The President’s Jobs Council, made up of top executives appointed by the President from citizens outside the federal government, released its much-anticipated interim recommendations for economic fixes this week.
But the suggestions, crafted after only three months of private meetings, met with lackluster reviews and were called “uninspiring” and “a big yawn.”
“I’m underwhelmed,” said Douglas Holtz-Eakin, former head of the Congressional Budget Office and adviser to John McCain’s 2008 presidential campaign.
The report, published as an op-ed in the Wall Street Journal, was penned by CEOs Jeff Immelt of General Electric and Ken Chenault of American Express.
A more thorough analysis is expected in September.
According to the Wall Street Journal, the group doesn’t see its mandate as having to define new ideas. Instead, it says it wants to identify good, productive ones—new or old—that can be put into action with a minimum of bureaucratic delay.
The group’s suggestions include:
• Train workers for today’s open jobs. There are more than two million open jobs in the U.S., in part because employers can’t find workers with the advanced manufacturing skills they need. The private sector must quickly form partnerships with community colleges, vocational schools and others to match career training with real-world hiring needs.
• Streamline permitting. Cut red tape so job-creating construction and infrastructure projects can move forward. The administration can take a few simple steps to streamline the process of obtaining permits, without undercutting the protections that our regulatory system provides.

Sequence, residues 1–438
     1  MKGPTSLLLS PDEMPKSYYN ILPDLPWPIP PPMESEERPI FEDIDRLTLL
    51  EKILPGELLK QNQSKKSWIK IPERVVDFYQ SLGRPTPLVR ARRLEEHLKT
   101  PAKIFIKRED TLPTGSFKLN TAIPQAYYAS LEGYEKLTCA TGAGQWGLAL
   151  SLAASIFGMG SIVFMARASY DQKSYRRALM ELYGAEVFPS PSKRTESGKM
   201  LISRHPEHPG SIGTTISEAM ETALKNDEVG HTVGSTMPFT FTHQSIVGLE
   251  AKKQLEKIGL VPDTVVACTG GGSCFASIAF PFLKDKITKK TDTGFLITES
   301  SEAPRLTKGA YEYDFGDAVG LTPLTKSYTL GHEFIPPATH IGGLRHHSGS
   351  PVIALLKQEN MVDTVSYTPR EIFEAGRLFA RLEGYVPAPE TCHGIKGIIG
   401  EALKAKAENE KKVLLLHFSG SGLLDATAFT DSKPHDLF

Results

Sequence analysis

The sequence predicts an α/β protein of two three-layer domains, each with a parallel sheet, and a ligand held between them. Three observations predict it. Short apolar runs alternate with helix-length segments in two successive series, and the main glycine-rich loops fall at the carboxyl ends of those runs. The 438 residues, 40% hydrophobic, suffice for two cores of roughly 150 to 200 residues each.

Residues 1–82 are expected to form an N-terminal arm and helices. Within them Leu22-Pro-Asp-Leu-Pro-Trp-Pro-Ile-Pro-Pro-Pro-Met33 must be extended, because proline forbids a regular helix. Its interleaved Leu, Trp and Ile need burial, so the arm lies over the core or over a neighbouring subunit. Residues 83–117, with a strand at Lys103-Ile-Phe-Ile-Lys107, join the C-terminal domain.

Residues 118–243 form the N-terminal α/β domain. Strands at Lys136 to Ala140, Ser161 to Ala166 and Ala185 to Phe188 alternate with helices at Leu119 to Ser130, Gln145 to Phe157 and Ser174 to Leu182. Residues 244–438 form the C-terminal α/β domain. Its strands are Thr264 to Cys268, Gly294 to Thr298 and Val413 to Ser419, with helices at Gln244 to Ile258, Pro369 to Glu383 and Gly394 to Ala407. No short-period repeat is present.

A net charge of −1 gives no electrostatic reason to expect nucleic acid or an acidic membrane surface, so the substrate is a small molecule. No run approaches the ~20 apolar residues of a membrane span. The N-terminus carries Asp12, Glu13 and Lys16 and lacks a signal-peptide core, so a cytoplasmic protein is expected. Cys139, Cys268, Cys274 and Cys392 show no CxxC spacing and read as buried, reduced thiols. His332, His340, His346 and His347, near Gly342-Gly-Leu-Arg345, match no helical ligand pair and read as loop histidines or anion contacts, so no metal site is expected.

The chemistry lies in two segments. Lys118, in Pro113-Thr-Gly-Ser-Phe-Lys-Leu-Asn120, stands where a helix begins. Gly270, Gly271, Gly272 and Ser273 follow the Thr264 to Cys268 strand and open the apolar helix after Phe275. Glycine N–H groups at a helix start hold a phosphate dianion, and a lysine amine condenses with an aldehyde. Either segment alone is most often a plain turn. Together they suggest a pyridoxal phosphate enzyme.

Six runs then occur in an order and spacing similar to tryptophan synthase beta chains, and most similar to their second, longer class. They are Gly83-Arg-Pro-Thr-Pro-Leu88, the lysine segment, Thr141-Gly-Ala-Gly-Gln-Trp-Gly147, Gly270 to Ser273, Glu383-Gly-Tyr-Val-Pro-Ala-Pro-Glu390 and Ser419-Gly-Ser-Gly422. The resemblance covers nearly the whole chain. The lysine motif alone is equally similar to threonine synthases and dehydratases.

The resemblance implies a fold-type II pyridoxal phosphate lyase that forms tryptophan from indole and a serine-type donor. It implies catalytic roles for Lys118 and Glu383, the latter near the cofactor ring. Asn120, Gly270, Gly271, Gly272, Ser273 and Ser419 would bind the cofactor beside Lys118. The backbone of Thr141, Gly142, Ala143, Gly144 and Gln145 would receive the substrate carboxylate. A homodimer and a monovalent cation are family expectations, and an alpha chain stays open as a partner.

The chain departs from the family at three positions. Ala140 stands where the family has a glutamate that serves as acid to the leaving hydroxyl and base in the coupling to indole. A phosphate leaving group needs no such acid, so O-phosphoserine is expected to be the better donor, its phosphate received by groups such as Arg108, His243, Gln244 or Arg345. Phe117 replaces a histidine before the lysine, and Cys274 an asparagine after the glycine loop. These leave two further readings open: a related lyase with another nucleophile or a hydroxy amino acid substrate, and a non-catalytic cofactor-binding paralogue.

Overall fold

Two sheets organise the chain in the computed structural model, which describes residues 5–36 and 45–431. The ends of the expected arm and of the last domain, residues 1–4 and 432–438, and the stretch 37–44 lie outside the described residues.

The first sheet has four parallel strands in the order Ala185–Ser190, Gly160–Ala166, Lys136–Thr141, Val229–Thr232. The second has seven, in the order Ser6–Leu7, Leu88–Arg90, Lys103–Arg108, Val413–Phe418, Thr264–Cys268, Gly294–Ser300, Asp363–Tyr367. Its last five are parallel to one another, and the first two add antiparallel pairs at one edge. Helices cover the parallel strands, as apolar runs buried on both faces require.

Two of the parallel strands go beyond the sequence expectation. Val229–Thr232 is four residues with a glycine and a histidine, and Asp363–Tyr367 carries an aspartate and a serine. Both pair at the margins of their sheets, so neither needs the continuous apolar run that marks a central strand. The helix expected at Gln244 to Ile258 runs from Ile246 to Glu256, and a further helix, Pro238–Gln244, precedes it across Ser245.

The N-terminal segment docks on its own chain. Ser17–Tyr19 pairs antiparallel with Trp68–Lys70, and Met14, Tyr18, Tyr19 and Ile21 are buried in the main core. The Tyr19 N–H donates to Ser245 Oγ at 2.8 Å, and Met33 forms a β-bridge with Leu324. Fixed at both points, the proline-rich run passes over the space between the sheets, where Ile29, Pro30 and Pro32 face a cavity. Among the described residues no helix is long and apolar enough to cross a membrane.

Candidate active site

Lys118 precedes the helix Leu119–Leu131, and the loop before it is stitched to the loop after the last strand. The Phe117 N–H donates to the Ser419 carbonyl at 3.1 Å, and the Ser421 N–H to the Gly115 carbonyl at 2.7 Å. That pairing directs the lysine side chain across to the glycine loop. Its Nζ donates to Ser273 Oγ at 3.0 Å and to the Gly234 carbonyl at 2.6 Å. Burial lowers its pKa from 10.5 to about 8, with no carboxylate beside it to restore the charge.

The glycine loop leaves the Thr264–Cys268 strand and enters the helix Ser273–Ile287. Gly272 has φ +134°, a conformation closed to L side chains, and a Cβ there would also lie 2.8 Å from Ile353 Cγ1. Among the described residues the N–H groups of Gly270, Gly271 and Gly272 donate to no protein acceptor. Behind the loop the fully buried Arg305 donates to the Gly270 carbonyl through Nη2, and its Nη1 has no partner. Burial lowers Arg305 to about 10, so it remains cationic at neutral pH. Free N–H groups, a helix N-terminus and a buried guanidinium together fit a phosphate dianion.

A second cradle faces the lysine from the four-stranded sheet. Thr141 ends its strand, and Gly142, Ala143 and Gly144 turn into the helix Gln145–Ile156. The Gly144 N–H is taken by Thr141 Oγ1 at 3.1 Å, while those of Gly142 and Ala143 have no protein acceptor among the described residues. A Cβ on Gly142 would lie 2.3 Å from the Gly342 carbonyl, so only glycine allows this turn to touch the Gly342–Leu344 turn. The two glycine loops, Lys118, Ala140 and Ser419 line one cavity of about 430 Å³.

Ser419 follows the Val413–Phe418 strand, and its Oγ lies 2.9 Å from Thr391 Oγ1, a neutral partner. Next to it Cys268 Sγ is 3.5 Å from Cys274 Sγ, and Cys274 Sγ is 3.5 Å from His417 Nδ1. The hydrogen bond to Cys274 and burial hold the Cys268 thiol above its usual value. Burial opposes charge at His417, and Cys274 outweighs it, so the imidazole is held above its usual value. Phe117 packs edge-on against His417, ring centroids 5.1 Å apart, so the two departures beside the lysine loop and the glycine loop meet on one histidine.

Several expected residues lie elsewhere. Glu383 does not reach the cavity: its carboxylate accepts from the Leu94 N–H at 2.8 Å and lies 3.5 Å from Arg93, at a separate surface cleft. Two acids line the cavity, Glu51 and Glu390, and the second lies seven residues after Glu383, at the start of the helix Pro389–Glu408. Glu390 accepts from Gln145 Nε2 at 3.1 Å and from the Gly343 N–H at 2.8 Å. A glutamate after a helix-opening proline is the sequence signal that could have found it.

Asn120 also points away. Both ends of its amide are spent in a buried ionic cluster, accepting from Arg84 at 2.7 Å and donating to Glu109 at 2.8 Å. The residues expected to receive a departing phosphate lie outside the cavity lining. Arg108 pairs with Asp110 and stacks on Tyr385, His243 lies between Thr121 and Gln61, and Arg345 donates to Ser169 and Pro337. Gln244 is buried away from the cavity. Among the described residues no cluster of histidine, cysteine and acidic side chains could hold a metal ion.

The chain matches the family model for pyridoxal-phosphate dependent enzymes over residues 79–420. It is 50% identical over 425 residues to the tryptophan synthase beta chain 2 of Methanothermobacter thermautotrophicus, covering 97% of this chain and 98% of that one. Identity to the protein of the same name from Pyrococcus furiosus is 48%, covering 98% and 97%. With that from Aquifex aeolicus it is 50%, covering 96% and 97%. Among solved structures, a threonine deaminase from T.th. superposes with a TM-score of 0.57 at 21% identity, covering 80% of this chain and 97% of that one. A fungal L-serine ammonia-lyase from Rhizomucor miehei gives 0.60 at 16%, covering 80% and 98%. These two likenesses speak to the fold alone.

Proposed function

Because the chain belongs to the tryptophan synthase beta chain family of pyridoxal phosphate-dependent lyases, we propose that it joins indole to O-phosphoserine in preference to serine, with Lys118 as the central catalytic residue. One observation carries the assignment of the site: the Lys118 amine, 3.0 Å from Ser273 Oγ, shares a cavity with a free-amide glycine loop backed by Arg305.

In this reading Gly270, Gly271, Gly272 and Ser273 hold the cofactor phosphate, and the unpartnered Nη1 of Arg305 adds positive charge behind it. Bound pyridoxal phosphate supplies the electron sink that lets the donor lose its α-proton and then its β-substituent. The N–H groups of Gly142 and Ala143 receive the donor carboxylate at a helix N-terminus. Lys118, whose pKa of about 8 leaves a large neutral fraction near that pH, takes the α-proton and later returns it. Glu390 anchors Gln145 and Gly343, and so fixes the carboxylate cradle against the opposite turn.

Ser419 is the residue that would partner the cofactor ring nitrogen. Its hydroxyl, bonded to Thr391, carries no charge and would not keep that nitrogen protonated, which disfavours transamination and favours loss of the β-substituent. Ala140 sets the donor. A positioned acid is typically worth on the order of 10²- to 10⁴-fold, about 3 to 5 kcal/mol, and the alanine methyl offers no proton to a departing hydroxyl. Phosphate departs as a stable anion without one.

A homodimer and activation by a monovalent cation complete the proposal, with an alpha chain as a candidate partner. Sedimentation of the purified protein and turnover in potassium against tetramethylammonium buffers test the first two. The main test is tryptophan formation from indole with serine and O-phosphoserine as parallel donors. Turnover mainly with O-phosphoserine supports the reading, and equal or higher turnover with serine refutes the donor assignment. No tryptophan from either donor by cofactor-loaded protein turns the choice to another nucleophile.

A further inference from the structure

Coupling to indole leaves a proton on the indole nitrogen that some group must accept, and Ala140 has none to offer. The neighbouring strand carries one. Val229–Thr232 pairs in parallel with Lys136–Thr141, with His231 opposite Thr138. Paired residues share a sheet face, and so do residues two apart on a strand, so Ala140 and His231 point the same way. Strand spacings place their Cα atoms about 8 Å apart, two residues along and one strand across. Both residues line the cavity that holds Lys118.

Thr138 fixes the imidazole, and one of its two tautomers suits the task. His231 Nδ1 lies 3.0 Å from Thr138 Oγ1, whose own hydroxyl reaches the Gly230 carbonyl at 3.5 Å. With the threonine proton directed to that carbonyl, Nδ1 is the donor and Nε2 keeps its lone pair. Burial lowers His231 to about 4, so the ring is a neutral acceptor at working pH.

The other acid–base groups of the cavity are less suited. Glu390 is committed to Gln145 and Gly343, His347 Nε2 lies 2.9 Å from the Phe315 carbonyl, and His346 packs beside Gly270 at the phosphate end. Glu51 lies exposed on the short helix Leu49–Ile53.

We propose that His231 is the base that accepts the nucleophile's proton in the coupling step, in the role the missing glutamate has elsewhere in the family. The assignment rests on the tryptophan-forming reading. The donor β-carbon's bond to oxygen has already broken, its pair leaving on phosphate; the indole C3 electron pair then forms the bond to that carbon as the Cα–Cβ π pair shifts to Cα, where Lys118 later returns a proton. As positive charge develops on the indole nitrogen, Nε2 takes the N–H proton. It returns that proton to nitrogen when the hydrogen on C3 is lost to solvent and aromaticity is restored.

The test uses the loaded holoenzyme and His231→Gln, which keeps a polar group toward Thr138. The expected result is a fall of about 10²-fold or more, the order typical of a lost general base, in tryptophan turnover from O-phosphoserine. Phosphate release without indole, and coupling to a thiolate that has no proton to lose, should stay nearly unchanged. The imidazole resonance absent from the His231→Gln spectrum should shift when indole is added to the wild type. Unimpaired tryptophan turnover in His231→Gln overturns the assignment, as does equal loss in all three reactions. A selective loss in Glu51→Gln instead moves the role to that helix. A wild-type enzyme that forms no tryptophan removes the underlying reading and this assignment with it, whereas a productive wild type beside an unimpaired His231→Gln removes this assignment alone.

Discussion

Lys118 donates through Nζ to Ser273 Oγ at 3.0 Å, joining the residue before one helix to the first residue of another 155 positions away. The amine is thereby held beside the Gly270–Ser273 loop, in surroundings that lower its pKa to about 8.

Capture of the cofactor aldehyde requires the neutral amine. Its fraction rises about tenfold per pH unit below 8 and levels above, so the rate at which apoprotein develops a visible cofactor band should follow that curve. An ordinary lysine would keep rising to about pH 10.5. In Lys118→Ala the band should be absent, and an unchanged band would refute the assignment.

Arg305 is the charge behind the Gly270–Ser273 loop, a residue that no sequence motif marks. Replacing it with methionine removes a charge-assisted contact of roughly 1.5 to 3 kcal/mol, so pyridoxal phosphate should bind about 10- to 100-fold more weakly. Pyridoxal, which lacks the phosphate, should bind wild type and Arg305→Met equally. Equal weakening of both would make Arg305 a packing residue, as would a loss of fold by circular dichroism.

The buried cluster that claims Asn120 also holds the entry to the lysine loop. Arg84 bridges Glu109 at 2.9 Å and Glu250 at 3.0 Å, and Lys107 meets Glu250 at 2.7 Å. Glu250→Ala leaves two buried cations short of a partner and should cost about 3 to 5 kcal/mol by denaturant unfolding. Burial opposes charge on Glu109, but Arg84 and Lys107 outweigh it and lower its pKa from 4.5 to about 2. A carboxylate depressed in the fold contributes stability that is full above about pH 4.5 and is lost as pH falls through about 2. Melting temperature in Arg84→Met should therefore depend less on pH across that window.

• Boost jobs in travel and tourism. This industry is one of America’s largest employers, but the U.S. has lost significant market share. By making it easier to visit the U.S. through improved visa processes, we can win back market share in travel and tourism and create hundreds of thousands of jobs.
• Facilitate small-business loans. Help small-business owners obtain the information and support they need to access Small Business Administration funding. At Jobs Council town halls in Dayton and Minneapolis, small-business owners expressed frustration about the challenges in obtaining financing and assistance. We must move quickly to allow easier access to SBA funding. SBA Administrator Karen Mills is already tackling this challenge, and the administration should accelerate and prioritize these efforts.
• Put construction workers back to work. More than two million construction workers don’t have work. Every city in America has commercial buildings that can be made more energy efficient. Both the private and public sectors can step up to create good jobs and save energy.
The authors write, “To truly bend the curve over the longer term, we need a more strategic view. Over the next 90 days, we will turn to addressing the actions needed to make a more significant, longer-term impact.”